Chevron’s PTP pipeline won’t be used to transport oil, company says

Despite media reports claiming otherwise, Chevron says their proposed natural gas line to Kitimat won't be used for oil.

As news reports have surfaced regarding a ‘leaked’ letter that purported to show that the Pacific Trails Pipeline could be sold to an oil or bitumen transport company, Chevron responded quickly saying information being released was inaccurate.

Gillian Robinson with Chevron’s external communications says that the only way the PTP pipeline — which is proposed to supply the Kitimat LNG project with natural gas if it reaches a construction stage — could be sold to any company with an interest in oil transportation would be if every member of the First Nations Limited Partnership tied to the pipeline agreed to such a change.

The FNLP is an association of First Nations who have signed on to an economic benefit deal with Chevron regarding the natural gas pipeline, making them partners in the pipeline project.

A report surfaced on October 14 from Vice.com that a letter from Chevron vice-president Rod Maier was leaked from the Moricetown band that showed the company wanted permission to be able to sell the PTP pipeline to companies seeking permits to build oil pipelines.

A news release issued from the Moricetown band in August this year counters the claim, saying that the band and Chief, and members of the Wet’swuet’en Hereditary Chiefs, “have secured commitments from officials of the Province of British Columbia, Chevron Canada Limited, Apache Canada Ltd., and the First Nations Group Limited Partnership that no oil will be transported in the proposed natural gas Pacific Trail Pipeline Project owned by Chevron and Apache.”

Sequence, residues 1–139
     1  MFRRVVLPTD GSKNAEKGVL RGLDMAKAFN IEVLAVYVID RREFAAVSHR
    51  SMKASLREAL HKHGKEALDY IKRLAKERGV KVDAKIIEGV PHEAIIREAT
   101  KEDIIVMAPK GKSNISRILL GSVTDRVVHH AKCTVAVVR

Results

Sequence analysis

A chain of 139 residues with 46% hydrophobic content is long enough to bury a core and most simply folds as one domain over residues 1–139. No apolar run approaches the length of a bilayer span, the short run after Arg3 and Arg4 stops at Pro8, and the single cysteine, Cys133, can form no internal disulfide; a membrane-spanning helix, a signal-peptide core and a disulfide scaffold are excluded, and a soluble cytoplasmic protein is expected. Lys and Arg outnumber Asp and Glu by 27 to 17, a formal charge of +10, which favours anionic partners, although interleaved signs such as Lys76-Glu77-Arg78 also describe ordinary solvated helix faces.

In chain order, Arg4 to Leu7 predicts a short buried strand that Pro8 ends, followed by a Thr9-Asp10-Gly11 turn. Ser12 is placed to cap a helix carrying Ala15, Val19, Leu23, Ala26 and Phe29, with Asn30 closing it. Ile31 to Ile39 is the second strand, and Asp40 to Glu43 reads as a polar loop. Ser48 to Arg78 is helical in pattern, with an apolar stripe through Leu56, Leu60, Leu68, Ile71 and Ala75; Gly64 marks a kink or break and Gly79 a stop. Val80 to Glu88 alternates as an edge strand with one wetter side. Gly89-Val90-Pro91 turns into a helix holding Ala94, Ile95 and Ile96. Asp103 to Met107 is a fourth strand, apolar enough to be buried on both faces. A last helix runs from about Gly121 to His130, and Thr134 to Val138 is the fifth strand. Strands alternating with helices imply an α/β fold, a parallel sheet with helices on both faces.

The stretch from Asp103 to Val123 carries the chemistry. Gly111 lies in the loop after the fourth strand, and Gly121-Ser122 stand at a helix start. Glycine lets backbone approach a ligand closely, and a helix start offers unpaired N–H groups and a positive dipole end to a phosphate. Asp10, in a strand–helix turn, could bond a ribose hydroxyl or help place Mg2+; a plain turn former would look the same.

Fifteen First Nations have signed on to the FNLP, but as of now the Moricetown band has not signed on as the 16th member, which would cover all the affected First Nations on the route.

“That information [in media reports] is really muddled,” said Robinson. “But there is an agreement with Chevron and the Moricetown band that we will not convert the pipeline to an oil pipeline.”

She further added that the PTP line has “never been designed to transport oil,” and will be needed for at least 20 years if constructed to supply Kitimat LNG.

She also added that it won’t be possible to convert the PTP line to a bitumen pipeline without an entirely new regulatory process, which includes consultation with First Nations.

“This means any company with plans to use the PTP as an oil pipeline would have to start back at square one,” she said. “There have never been any plans nor are there any future plans to convert the PTP to an oil pipeline.”